Re: Configuration file shadowed?
Manoj Srivastava <email@example.com> wrote:
> The difference here is that if you follow this path, ad
> eschew the conffile mechanism, it is up to you to provide the benefit
> to users that conffile mechanisms provide: namely, the user is
> informde when the maintainer changes default values, they can look at
> the diff at install time, and either accept or decline the new
> conffile -- and take action to reconcile differences, if any.
> In this case, I just got a scary message that implies that tex
> font caching no longer works on my machine -- and the isntallation
> continued. This is not good.
This is not good, correct. This particular file should have been a
I don't see how it makes sense, however, to ship files as conffiles that
could potentially be used for changing document appearance, while that
doesn't make any sense on a site-wide basis. That's not how a TeX
system should be handled. If you're on a single-user machine, you can
change your documents' appearance by putting files into /etc/, that's
why we offer TEXMFSYSCONFIG. But that's just because on a single-user
machine there's no difference between TEXMFHOME and TEXMFSYSCONFIG.
> Look at cvs-buildpackage -- a script that takes configuration
> directives from the command line, env variable, config file, or built
> in default. There is a clean separation of sources of variable
> values -- and it even caters to system-wide and individual
There are many programs that read configuration files if they exist, but
usually do not need them. Do you think that a package must ship every
configuration file that one of its components would possibly read?
>> What of, let's say, uw- imapd (a well known package), that accepts a
>> /etc/c-client.cf file that does configuration, empty by default (and
>> needing the sentence "I accept the risk" as the first line to
>> work). Should this file exist on all debian systems for the sake of
>> being configuration files?
> This sounds like dissembling to me. When you name a file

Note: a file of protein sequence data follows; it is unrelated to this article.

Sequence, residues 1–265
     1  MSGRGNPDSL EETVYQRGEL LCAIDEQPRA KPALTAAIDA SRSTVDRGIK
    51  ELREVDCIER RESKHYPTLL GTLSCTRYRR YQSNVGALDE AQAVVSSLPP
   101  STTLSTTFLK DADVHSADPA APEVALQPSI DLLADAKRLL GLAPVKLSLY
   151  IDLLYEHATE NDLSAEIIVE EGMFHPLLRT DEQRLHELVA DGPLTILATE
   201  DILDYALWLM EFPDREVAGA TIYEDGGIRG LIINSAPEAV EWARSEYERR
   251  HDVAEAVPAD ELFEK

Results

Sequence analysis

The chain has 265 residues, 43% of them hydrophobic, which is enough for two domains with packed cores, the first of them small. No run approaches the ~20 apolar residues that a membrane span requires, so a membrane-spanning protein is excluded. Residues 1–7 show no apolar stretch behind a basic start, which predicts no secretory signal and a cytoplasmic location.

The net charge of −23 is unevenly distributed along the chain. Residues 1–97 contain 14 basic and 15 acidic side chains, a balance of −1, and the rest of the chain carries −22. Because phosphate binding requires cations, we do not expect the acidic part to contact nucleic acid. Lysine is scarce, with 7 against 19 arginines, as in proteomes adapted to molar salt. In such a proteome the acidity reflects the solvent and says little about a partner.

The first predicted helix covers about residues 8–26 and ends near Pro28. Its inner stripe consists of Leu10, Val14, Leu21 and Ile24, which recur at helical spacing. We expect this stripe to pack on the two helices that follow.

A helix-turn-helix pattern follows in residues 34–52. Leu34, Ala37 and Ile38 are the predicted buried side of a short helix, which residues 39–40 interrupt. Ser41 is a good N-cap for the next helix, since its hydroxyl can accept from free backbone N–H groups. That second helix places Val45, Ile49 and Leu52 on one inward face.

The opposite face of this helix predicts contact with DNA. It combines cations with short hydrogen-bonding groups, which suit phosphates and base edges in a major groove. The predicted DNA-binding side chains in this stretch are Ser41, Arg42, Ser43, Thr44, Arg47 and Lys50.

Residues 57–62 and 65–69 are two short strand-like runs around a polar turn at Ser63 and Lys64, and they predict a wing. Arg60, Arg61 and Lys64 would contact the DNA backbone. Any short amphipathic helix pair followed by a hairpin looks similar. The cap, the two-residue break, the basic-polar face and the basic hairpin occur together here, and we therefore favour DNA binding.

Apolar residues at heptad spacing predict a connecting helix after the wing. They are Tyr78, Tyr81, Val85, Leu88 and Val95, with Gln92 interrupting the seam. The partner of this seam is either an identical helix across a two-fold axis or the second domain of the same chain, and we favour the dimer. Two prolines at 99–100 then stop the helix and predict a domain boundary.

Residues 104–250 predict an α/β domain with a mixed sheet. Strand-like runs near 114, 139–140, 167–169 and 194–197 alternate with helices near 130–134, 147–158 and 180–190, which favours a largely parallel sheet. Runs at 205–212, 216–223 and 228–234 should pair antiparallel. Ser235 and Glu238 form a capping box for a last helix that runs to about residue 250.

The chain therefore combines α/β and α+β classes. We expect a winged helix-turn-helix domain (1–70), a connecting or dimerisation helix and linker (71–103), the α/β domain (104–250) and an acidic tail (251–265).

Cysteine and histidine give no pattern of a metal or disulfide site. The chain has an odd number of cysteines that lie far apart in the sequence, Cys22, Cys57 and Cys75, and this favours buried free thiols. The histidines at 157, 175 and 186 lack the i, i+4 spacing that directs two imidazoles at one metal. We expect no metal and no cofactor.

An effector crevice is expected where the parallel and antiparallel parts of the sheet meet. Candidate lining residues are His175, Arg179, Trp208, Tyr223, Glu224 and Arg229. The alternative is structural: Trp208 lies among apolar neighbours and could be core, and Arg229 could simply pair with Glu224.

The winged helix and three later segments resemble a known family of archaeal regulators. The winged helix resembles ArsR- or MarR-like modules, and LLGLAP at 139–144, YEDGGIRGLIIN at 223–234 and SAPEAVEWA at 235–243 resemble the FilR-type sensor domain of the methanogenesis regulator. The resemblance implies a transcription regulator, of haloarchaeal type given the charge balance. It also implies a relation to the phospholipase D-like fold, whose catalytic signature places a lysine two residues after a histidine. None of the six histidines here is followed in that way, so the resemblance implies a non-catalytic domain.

> foo.cnf in TeX, the .cnf does not stand for default values which
> happen to be kept in a file. It actually stands for conf, or
There's exactly one file in tetex that is not in /etc/ and has the name
.cnf. Should have made us look closer - that's the file that prompted
this bug report and which I already have conceeded should have been in
/etc/ from the start.
The usual extension for "configuration" files in a TeX system is cfg, or
a file is put into a directory called "config. However, I can show you
many examples of files that meet these criteria, but are not intended by
upstream to be used for configuration. Some of these are just "default
values" as in the uw-imapd case, some are not even that - just modules
loaded by the main package (e.g. microtype's cfg files).
Don't judge a file by its name.
>> I think the web2c mechanism is really good, and is the way
>> preferences should be set (source/distribution defaults in /usr,
>> system defaults in /etc, user defaults in ~/texmf or by environment
> Debian policy states that distribution specified configuration
> files also live in /etc. and it is not as if correcting things is
> rocket science -- ship a symlink in /usr for *.cnf files, linking to
> real files under /etc, and you have policy compliance.
Symlinks are not necessary in a web2c system, since /etc/texmf is a
TEXMF tree, too, anyway. So please read up on what you are discussing
before answering. I think Jean-Christophe is right when he says the
web2c mechanism is really good.
It even allows customization of document appearance, not only keeping
Single Molecule Spectroscopy, Protein Folding @ Inst. f. Biochemie, Univ. Zürich
Debian Developer (teTeX/TeXLive)